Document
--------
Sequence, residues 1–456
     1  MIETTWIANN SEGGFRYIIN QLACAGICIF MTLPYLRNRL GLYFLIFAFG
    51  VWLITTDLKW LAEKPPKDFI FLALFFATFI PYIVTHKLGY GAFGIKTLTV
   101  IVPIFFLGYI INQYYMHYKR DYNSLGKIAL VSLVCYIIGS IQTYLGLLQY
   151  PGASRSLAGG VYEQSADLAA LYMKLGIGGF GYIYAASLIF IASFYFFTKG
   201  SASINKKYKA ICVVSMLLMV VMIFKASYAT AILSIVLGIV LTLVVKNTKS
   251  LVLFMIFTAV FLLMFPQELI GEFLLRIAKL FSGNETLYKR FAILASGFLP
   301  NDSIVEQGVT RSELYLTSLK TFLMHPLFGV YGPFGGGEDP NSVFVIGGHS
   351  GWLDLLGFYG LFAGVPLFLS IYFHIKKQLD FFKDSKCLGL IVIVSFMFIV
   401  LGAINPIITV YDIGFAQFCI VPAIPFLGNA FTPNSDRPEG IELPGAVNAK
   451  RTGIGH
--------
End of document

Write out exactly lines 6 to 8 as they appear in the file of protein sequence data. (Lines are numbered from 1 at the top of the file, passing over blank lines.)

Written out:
   201  SASINKKYKA ICVVSMLLMV VMIFKASYAT AILSIVLGIV LTLVVKNTKS
   251  LVLFMIFTAV FLLMFPQELI GEFLLRIAKL FSGNETLYKR FAILASGFLP
   301  NDSIVEQGVT RSELYLTSLK TFLMHPLFGV YGPFGGGEDP NSVFVIGGHS